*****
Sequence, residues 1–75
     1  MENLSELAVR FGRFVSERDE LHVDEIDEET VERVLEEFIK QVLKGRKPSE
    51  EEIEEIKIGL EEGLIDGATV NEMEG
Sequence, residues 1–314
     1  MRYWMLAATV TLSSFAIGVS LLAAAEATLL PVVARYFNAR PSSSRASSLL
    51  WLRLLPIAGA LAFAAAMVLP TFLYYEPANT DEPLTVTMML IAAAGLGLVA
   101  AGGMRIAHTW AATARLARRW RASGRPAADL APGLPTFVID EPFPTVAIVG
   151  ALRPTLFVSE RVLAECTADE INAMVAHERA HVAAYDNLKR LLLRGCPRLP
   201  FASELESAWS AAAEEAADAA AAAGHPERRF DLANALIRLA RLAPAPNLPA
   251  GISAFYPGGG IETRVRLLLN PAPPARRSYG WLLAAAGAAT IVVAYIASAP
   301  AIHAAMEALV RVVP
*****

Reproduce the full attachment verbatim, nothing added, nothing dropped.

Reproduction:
Sequence, residues 1–75
     1  MENLSELAVR FGRFVSERDE LHVDEIDEET VERVLEEFIK QVLKGRKPSE
    51  EEIEEIKIGL EEGLIDGATV NEMEG
Sequence, residues 1–314
     1  MRYWMLAATV TLSSFAIGVS LLAAAEATLL PVVARYFNAR PSSSRASSLL
    51  WLRLLPIAGA LAFAAAMVLP TFLYYEPANT DEPLTVTMML IAAAGLGLVA
   101  AGGMRIAHTW AATARLARRW RASGRPAADL APGLPTFVID EPFPTVAIVG
   151  ALRPTLFVSE RVLAECTADE INAMVAHERA HVAAYDNLKR LLLRGCPRLP
   201  FASELESAWS AAAEEAADAA AAAGHPERRF DLANALIRLA RLAPAPNLPA
   251  GISAFYPGGG IETRVRLLLN PAPPARRSYG WLLAAAGAAT IVVAYIASAP
   301  AIHAAMEALV RVVP